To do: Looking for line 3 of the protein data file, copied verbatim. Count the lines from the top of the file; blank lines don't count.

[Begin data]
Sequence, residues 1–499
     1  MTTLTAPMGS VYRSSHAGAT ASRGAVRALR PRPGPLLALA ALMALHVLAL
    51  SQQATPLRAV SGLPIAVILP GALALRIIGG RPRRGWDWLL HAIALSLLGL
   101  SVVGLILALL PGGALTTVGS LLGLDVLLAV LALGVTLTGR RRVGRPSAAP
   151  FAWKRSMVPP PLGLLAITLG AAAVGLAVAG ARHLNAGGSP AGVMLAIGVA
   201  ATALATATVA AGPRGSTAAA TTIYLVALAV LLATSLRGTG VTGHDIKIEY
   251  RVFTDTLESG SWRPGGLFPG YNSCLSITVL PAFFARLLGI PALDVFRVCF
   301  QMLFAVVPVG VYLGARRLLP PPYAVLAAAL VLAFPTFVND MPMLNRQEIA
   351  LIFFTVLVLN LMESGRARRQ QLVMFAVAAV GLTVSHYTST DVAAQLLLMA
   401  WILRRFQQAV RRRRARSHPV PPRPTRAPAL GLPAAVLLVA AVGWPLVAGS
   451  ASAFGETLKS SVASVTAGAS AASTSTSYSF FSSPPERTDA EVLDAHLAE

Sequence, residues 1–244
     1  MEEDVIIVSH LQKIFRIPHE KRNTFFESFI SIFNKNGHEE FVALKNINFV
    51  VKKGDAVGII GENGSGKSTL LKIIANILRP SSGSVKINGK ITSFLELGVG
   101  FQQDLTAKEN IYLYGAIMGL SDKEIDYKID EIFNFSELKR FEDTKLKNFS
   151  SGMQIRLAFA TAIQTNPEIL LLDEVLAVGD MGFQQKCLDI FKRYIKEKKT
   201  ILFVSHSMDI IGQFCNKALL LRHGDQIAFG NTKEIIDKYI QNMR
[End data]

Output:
    51  SQQATPLRAV SGLPIAVILP GALALRIIGG RPRRGWDWLL HAIALSLLGL